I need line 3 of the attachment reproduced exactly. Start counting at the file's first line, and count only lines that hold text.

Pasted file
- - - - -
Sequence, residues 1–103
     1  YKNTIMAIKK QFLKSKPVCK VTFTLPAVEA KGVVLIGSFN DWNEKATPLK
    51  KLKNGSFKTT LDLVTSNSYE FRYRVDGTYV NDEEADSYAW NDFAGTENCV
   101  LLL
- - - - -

    51  KLKNGSFKTT LDLVTSNSYE FRYRVDGTYV NDEEADSYAW NDFAGTENCV